Amazon is now the proud owner of North America licensing rights to Ian Fleming's James Bond series.
The online company announced yesterday that it now has a 10-year license to sell all 14 of Fleming's classic James Bond titles, including "Casino Royale," "Dr. No," and "The Spy Who Loved Me." The company will start publishing the titles this summer under its mysteries and thrillers imprint, Thomas & Mercer. In addition, Amazon says that it will offer the books in digital form in its Kindle Store.
"We are excited to be using the opportunity of this re-license to introduce Ian Fleming's books to a broader audience in the USA, and we believe that Amazon Publishing has the ability to place the books back at the heart of the Bond brand, balancing traditional publishing routes with new technologies and new ways of reaching our readers," Corinne Turner, Managing Director of Ian Fleming Publications, said in a statement.
But there's far more to this story than meets the eye. According to an Amazon spokeswoman who spoke to the Wall Street Journal yesterday, the paperback versions of the titles will be available both in the company's online store and at other book retailers.
However, on the digital side, Amazon currently only has plans to offer the books in its Kindle Store, with the spokeswoman telling the Journal that the company is still "making a determination" about other digital sales strategies.
It's a rather odd move. Barnes & Noble, which will ostensibly be able to sell the hard copies, might not have access to the e-books. Apple's iBooks might also be left out. Amazon is seemingly just fine sharing revenue on the traditional publishing side, but in digital form, it's not so quick to follow suit.
An Amazon spokeswoman didn't necessarily deny that in an e-mailed statement to CNET today. The spokeswoman said that her company's "first goal is to make a great a customer experience across the Kindle platform, including our devices and free reading apps." The spokeswoman did not say if Amazon makes it a policy to not sell e-books from its imprints in other digital bookstores.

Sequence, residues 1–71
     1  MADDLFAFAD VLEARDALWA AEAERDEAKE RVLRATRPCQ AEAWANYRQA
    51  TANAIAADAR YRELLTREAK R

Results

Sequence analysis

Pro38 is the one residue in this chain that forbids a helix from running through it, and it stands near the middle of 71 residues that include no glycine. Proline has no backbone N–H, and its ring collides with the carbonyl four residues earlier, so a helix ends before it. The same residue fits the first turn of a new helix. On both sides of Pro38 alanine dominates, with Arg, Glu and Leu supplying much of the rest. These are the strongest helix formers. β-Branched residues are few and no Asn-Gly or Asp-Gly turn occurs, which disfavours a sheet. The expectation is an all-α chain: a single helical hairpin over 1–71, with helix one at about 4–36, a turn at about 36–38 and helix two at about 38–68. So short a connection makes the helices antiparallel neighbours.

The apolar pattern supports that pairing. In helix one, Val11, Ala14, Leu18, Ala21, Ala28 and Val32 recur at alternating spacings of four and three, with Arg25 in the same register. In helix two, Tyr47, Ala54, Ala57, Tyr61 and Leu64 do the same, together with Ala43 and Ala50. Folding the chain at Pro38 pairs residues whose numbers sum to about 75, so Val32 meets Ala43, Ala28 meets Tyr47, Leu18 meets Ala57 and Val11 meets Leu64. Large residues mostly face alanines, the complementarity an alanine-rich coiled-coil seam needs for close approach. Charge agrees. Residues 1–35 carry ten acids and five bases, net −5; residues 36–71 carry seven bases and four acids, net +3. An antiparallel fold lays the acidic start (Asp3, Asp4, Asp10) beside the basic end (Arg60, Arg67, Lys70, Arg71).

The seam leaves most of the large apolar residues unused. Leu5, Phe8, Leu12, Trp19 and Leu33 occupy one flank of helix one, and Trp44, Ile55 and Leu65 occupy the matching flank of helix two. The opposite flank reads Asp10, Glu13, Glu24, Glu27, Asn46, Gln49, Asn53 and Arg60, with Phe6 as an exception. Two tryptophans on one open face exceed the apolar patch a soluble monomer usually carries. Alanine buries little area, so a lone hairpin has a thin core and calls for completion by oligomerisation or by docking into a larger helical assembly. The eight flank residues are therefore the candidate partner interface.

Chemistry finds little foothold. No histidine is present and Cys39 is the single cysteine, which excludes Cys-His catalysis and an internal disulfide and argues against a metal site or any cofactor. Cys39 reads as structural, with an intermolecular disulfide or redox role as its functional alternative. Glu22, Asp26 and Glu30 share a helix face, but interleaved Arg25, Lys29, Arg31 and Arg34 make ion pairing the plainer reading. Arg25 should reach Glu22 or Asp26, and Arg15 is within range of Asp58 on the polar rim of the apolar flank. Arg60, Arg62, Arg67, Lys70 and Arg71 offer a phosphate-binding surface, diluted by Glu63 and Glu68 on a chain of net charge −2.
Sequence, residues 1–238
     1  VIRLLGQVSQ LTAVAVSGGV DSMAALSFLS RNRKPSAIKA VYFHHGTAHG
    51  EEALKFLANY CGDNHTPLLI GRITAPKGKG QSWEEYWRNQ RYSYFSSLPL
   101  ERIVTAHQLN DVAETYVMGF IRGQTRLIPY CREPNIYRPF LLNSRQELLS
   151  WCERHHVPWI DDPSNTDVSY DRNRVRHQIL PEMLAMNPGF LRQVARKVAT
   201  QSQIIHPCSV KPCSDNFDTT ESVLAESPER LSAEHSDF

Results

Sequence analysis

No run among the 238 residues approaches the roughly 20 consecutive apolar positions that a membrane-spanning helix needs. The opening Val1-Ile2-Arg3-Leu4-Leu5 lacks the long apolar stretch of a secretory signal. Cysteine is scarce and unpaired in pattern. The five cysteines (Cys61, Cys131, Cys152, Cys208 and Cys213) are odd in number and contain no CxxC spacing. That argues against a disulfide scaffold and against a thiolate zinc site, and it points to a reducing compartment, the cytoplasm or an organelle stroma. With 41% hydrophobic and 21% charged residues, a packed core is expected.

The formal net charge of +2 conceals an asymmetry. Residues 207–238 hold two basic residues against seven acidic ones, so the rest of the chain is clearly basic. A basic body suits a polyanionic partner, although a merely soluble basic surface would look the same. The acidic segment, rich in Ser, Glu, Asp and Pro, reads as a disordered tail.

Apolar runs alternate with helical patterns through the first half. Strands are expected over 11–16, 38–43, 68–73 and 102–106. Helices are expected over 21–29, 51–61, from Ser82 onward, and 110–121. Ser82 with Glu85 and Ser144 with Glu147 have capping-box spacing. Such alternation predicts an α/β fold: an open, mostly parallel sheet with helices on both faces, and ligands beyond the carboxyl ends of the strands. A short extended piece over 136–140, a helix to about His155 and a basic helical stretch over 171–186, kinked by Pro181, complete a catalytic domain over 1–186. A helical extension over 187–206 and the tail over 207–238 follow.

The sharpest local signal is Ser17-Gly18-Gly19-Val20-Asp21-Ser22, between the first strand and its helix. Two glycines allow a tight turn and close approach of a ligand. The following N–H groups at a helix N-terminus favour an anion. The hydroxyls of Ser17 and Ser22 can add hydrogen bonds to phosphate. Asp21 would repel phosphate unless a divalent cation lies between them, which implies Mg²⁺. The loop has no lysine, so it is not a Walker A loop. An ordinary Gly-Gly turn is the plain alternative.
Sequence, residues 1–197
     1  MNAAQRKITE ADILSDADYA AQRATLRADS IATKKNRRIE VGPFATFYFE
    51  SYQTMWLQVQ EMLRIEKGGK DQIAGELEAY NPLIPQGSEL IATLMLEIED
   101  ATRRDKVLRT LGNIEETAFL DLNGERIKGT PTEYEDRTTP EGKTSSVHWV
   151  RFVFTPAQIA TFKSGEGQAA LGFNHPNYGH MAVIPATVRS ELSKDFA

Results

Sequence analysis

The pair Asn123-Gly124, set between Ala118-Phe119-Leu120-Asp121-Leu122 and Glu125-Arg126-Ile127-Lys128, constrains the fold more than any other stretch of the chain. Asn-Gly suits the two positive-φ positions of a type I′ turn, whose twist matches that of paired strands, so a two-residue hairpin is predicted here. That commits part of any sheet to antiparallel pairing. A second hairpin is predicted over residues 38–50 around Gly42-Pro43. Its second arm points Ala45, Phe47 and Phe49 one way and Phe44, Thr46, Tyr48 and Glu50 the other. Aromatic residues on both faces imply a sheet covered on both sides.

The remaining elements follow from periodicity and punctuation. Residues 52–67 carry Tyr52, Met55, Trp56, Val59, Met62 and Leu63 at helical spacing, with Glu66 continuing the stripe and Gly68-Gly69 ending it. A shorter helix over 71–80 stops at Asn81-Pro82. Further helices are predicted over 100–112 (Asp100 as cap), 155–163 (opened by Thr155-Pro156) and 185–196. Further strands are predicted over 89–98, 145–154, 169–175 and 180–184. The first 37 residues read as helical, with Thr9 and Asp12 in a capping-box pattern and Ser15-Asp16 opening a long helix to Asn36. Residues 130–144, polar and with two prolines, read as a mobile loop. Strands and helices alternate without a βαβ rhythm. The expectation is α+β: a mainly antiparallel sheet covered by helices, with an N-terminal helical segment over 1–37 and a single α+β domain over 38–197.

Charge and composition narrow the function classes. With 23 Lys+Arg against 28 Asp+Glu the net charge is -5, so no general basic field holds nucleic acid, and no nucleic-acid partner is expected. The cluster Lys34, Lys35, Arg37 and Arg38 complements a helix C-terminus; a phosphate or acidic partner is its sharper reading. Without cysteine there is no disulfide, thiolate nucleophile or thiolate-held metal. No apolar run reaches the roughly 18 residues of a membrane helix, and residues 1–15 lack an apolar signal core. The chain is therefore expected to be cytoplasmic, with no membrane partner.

That said, it appears that Amazon doesn't like to play nice with other digital stores, even though it does so with brick-and-mortar competitors. Back in June, for example, Amazon announced that it would be publishing 32 books in the late summer and early fall under many of its imprints. As with the Bond books, the titles would be made available to brick-and-mortar retailers, but not on other digital platforms.
"The Amazon Publishing editions of these titles will be available in print format at Amazon.com and national and independent booksellers, and as wireless digital downloads in less than 60 seconds from the Kindle Store," the company said in a statement at the time.
Earlier today, I spent considerable time sifting through books from Amazon's imprints and tried to find them in Apple's iBookstore. Every search for the titles yielded no results. I came across one book that Amazon has under one of its imprints, but it was originally published over 200 years ago, and was brought to Apple's store by Project Gutenberg.
Amazon's decision to keep its books close to the vest seems to underscore the reality of today's book-shopping experience. When buying hard copies, just about every bookseller sells the same titles, and for the most part, customers should be able to buy any book in any store. But silos are seemingly developing in the e-book market where some stores might have titles customers are after, and others might not.
Luckily for today's consumers, however, that might not be such a big deal. Amazon's Kindle Store is available on a host of platforms, including iOS and Android, meaning those who want the James Bond titles can still read them on their iPads or iPhones. But more choice is always preferred to less choice. And by the look of things, we have less choice in the e-book market right now.